'I was recently diagnosed with ADHD. Here's why the new ADHD guidelines are so important.'

As a person who lived 37 and a half years with undiagnosed Attention Deficit Hyperactivity Disorder (ADHD) and as a parent of a child diagnosed with ADHD, the announcement this week that national evidence-based guidelines on the identification, diagnosis, and treatment of people with ADHD have been endorsed is music to my ears. 

The Australian Evidence-Based Clinical Practice Guideline for ADHD developed by the Australian ADHD Professionals Association (AADPA) and approved by the National Health and Medical Research Council (NHMRC) will be a welcome addition to the toolbox of anyone overseeing the care of people living with ADHD. This includes general practitioners as well as various allied health professionals like psychologists, occupational therapists, pharmacists, and the list goes on. 

Evidence-based guidelines are the cornerstone of quality healthcare. They not only reduce the time it might take an individual seeking help to achieve a correct diagnosis, but they also improve an individual's access to early interventions and management strategies, and provide a means to appropriate and individualised medication management. 

Watch: Kate Page talks about adult ADHD. Post continues below.

Video via Mamamia.

All of this adds up - and the positive impact of it all really cannot be emphasised enough.

Evidence-based guidelines improve the quality of life and health outcomes for the target population, or group of patients. It really is that simple. In Australia, some one million people live with ADHD. That is a whopping number of people for whom the management of their ADHD could be better. And being and doing "better" is what healthcare should always be aiming for. Coupling this with an estimated annual figure of $20.42 billion, the cost of ADHD in Australia both economically and socially, the place for this guideline becomes even more obvious.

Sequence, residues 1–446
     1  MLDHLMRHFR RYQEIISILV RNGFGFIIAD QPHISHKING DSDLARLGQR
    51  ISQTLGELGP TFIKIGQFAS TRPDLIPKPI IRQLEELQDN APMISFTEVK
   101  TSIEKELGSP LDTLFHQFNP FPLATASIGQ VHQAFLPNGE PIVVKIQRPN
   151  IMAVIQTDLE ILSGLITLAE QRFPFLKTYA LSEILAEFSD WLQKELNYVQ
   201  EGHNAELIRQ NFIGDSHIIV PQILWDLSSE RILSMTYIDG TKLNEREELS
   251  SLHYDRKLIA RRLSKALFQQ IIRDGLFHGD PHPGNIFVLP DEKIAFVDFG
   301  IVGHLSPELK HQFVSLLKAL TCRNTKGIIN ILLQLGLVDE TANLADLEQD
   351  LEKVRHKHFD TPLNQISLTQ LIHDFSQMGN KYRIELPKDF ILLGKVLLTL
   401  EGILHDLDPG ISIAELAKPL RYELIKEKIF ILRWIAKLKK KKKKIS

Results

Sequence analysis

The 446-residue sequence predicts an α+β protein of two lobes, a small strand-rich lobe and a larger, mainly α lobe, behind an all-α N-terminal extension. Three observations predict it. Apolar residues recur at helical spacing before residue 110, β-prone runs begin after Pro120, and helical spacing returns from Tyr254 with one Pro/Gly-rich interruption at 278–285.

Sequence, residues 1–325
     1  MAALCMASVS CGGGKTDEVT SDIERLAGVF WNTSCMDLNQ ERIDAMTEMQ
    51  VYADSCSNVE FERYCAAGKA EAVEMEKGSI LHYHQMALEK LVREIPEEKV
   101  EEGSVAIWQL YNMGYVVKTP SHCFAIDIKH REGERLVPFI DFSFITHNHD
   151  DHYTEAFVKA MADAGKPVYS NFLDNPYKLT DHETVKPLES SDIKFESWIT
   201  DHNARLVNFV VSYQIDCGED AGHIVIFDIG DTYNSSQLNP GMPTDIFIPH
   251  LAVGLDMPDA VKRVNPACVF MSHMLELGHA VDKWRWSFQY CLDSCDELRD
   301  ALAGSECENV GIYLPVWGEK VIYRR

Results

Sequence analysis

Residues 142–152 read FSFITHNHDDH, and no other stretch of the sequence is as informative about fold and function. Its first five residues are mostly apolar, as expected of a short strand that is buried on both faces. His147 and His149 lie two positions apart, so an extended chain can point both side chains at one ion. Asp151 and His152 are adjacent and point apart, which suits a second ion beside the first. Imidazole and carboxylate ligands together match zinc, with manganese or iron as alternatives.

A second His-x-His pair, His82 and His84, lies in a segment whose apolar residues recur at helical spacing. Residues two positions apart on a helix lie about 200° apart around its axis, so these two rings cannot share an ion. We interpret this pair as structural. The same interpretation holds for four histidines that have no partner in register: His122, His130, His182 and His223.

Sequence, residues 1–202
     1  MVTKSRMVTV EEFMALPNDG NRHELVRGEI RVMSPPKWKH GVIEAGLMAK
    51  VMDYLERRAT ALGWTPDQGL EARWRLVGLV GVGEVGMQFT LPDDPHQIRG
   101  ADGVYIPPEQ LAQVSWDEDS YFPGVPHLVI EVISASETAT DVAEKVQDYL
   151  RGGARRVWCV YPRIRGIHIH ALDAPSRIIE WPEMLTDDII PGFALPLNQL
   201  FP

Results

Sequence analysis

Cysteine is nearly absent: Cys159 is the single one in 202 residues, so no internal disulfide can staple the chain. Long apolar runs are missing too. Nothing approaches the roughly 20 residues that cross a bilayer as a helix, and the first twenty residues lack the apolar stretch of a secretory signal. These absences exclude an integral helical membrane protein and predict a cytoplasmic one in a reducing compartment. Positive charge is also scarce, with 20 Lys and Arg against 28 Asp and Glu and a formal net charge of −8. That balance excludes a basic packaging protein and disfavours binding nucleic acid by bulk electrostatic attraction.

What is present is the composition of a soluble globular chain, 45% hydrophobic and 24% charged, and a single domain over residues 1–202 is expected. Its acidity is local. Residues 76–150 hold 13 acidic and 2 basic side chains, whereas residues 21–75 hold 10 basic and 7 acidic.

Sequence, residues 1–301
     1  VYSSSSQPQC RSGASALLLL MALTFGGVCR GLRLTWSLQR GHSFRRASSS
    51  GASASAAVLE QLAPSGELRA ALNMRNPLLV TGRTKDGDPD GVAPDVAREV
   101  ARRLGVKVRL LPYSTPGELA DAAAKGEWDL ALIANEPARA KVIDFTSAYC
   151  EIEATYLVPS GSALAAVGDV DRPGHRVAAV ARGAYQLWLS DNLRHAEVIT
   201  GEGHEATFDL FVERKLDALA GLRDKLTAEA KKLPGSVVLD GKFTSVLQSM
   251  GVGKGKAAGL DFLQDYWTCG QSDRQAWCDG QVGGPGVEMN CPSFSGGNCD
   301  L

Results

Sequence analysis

This guideline will directly influence the care of individuals already diagnosed with ADHD by potentially increasing the level of support received. But, perhaps more importantly, it will be those who currently remain undiagnosed that will benefit most. The hope is that the path forward for these people will be much smoother, more streamlined, and that a diagnosis will be arrived at more quickly than it was for those before them. The benefits that come from a diagnosis being felt not only by the individuals themselves, but for their families and carers too.

Guidelines like this also open a dialogue and new conversations will flow. Both of these things will help to break down the stigma around ADHD even more whilst simultaneously increasing the awareness and understanding of ADHD within community and healthcare settings. As a mother of two young boys, anything that increases conversations which may prompt a greater and somewhat more universal acceptance that the sharing of our feelings is okay is in my mind fabulous. We have all kept our mental health and experiences of neurodivergence hidden, and "masked" as it is called within the neurodiversity community, for far too long. 

At 49, Mia Freedman was diagnosed with ADHD. In this episode, she shares her story with Claire Murphy on this very different episode of No Filter. Post continues below.

Key to ensuring the success of the guidelines will be the utilisation and uptake following their release, such as upskilling those in a position to support people living with ADHD. Without this essential education, the guidelines reach may be limited. Communications and discussions within patient support groups will hopefully drive this too. 


I live with multiple complex chronic illnesses in addition to having been recently diagnosed with ADHD. They include migraines and Ehlers-Danlos Syndrome. Both of these conditions still lack well defined and robust clinical practice guidelines like we have seen published by AADPA this week. 

It gives me hope to see ADHD clear the hurdle that is getting this goal through the post. Developing guidelines costs money, and lots of it. But it also costs many hours of spare time from clinicians, researchers, and patient group advocates. Time spent by them petitioning government for grants or fundraising money, all before the writing and research can even begin. It is no small feat to achieve a published, accepted, and endorsed guideline - many other underserved chronic illness groups are striving to do the same. I hope this is the first of many evidence-based guidelines that come to fruition to the benefit of some of our most historically disenfranchised patient groups. 

So this October, which just happens to be ADHD awareness month, be open to learning more about this condition which around 1 in 26 Australians live with. 

Read more: "I hope to no longer be my harshest critic." What it's like being diagnosed with ADHD at 38.

Janna is a 37-year-old mother of two residing in Sydney's Eastern Suburbs with her young family. She lives with the chronic illness and rare disease, Ehlers-Danlos Syndrome as well as ME/CFS other co-morbid conditions. Janna is a pharmacist, medical writer and chronic illness patient advocate. You can follow Janna on Instagram @ The.Rare.Writer. 

Feature Image: Supplied.

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